A common question people ask is can you grow grocery store potatoes? Well, the answer is yes you can, sometimes, but it is not recommend. Conventionally grown potatoes that you buy to eat are usually treated with sprout inhibitors. That means they might not grow well in your home vegetable garden.

Have I ever planted potatoes from my kitchen that had starting sprouting? Yes, I have. Do they grow into healthy plants and have a good yield – sometimes they do! However, your best bet at growing the best potatoes with high yields is to plant disease-free seed potatoes.

Once the potatoes start to grow, replenish the mulch as necessary to keep them covered. The Rodale’s Illustrated Encyclopedia of Organic Gardening recommends covering the mulch with grass clippings once the plants are big enough to meet across the rows.

How Much Water do Potatoes Need to Grow

After your seed potato pieces have sprouted, you will need to keep the potato plants well watered to insure best results and a productive harvest. Water requirements for potato plants are pretty simple. They need about 1-2 inches of water per week throughout their growing season.

One inch a week should be plenty of water, but you do want to be careful that you don’t under or over-water. Over-watering potatoes can lead to root rot and affect yield. If you water potatoes too much early in the growing season, you might notice misshapen potatoes when you harvest.

If you provide your potatoes with too little water through the growing season, you’ll notice curled leaves on your plants. Under-watering causes potato tubers to form late which may not give them enough time to grow to their potential.

A great way to make sure your potatoes get the water they need to produce the best yields in to install a drop irrigation system and track rainfall using a rain gauge. You can keep track of rainfall in my handy dandy gardening notebook that you can download for free by subscribing to my blog!

cut potato seeds for planting

Before you plant the seed potatoes, make sure to prepare them for planting. Letting the seed potatoes crust over for a couple of days helps prevent them from rotting in cold, wet ground. Read more about preparing seed potatoes for planting here.


What are good companion plants for potatoes?

Companion plants are great to add all around the garden. Specific herbs, flowers, and other vegetables can help potato plants grow better, keep away pests, and make your garden more productive.

Companion plants I love to plant near my potatoes include:

  • Beans – to help fix nitrogen in the soil
  • Cabbage – their shallow roots won’t compete with the potatoes
  • Marigolds – repel colorado potato beetle
  • Nasturtiums – because they ATTRACT potato beetles, nasturtiums are a useful trap crop to plant away from potatoes so harmful beetles will ignore your potato plants!

Here’s what you need to know to keep your potatoes safe from colorado potato beetles!

There are also a few plants you should NOT grow near potatoes – sunflowers, tomatoes, cucumbers, turnips, and pumpkins. They can hurt your potato crop, so keep these plants away!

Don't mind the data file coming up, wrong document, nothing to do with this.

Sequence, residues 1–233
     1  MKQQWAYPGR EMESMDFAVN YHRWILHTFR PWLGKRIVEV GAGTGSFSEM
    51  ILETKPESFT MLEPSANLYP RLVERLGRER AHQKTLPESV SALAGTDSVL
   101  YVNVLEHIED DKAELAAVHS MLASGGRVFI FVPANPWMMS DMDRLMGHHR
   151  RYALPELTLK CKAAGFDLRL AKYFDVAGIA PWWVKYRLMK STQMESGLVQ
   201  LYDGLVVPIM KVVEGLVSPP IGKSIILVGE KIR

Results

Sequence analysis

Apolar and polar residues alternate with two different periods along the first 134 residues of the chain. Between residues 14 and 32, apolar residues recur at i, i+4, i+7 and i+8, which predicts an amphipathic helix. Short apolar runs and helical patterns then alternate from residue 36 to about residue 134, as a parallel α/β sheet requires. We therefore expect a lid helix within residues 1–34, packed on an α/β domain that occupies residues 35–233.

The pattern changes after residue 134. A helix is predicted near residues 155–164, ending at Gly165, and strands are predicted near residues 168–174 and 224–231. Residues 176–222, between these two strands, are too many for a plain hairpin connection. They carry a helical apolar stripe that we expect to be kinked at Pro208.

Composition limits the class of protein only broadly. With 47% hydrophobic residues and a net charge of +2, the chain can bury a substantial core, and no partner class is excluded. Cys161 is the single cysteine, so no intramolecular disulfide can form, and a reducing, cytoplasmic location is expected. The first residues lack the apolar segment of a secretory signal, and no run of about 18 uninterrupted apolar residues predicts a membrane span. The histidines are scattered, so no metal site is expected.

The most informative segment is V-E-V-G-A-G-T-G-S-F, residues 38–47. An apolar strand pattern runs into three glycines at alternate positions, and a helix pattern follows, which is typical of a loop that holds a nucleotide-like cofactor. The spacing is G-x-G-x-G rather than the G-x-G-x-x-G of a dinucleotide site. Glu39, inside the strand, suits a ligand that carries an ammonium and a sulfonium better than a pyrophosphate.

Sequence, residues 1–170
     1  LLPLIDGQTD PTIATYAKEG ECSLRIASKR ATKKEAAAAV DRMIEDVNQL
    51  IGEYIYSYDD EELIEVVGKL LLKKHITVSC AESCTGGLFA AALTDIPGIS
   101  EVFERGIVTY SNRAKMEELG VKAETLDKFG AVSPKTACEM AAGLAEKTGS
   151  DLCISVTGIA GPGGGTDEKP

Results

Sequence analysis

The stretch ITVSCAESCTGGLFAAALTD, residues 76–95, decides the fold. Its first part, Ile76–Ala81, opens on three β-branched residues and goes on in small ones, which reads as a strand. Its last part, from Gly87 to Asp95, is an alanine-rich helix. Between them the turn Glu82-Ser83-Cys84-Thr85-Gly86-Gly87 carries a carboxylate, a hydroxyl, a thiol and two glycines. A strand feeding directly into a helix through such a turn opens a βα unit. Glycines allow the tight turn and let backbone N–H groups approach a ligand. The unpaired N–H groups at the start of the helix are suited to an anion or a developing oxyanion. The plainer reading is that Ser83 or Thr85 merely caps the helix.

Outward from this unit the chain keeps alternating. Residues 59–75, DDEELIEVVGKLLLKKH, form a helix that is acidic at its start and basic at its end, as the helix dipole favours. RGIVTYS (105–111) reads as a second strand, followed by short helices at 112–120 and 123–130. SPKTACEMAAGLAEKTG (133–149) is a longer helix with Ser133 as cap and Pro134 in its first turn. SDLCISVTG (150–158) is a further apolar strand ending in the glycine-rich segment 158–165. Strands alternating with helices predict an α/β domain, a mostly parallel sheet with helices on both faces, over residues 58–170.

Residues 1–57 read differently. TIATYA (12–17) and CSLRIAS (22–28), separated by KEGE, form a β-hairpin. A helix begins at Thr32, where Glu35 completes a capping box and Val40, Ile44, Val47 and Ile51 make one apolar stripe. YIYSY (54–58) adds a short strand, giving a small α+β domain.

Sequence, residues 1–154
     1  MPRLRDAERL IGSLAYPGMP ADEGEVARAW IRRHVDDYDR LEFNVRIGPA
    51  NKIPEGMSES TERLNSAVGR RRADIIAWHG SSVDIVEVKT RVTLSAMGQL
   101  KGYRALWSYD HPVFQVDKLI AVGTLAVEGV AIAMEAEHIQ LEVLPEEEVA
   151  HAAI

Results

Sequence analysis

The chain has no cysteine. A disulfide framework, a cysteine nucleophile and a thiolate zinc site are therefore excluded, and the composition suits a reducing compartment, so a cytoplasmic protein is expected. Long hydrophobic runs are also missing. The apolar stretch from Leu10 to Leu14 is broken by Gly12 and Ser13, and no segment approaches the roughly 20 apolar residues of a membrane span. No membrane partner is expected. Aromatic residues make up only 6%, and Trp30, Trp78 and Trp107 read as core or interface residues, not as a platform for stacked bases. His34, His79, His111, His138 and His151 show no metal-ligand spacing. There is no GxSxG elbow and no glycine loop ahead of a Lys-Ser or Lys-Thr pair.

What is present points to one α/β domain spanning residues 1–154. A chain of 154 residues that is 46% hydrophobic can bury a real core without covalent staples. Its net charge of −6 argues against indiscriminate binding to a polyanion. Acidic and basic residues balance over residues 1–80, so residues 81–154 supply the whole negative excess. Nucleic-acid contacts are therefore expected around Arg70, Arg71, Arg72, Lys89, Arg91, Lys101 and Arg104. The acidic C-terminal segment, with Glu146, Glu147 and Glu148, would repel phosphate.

how to grow potatoes

When are potatoes ready for harvest? 

Potatoes can be harvested a couple different times. If you’d like to harvest new potatoes, small potatoes with a thin skin, you can do so two to three weeks after the plants have finished flowering. The pretty white or pink flowers the plants set on indicate that potatoes are starting to form. Two to three weeks after the plants flower, carefully dig in the soil and remove a few golf ball sized potatoes. If you remove them without disturbing the plant, it will continue to produce more potatoes for harvesting later in the season.

If you plan to store potatoes over winter, wait until after the plants die back before digging them. Dig them two to three weeks after the vines die back on a dry day during dry weather if possible. 

If the temperature is below 80 degrees, let the potatoes cure in the field for two to three dry days. Curing matures the skins and helps them last longer in storage. If the weather is going to be wet or it’s over 80 degrees, cure them in a cool, covered area where they will stay dry.

How do you keep your potatoes from turning green?

Lots of people ask if you can eat green potatoes. If your potatoes are only slightly green, peel them to remove the green solanine (a toxin that can make people and animals sick). If they are really green, it’s best not to eat them. 
The best way to stop your potatoes from turning green is to cover them with mulch and keep them out of direct sunlight. Covering potatoes with several inches of mulch also encourages birds to visit. You want the birds to visit to help control pests! Covering potatoes with several inches of mulch also encourages birds to visit. You want the birds to visit to help control pests!

How long does it take to grow potatoes

Potatoes take anywhere from 90-120 days to mature. Make sure to read the information included with your seed potatoes and note this information in your garden notebook. Noting the harvest time however, will give you an idea of when to begin looking forward to potatoes.
Since potatoes should be left in the ground for two to three weeks after the plants die back, it’s pretty obvious when it’s time to harvest.

How many potatoes does an average potato plant produce?

Under the very best of conditions, one potato plant should grow five to ten potatoes. Sizes vary depending on type of potato, so make sure you read the plant description before choosing which types of potatoes to grow.

If you liked this post on growing potatoes, make sure to read these posts too:

Preparing seed potatoes for planting

200 pounds of potatoes each year

How to kill the Colorado Potato Beetle Organically

How to store garden seeds 

Did you know I wrote my first book? You will love my new book – part homesteading tutorial and part cookbook. If you want to take the next step toward self-sufficiency, learn how to raise your own chickens for meat! Or if raising chickens for meat isn’t for you, you can also learn how to utilize the entire chicken in your kitchen to save you money and help your family be a little bit greener!

About Michelle Marine

Michelle Marine is the author of How to Raise Chickens for Meat, a long-time green-living enthusiast, and rural Iowa mom of four. She empowers families to grow and eat seasonal, local foods; to reduce their ecological footprint; and to come together through impactful travel.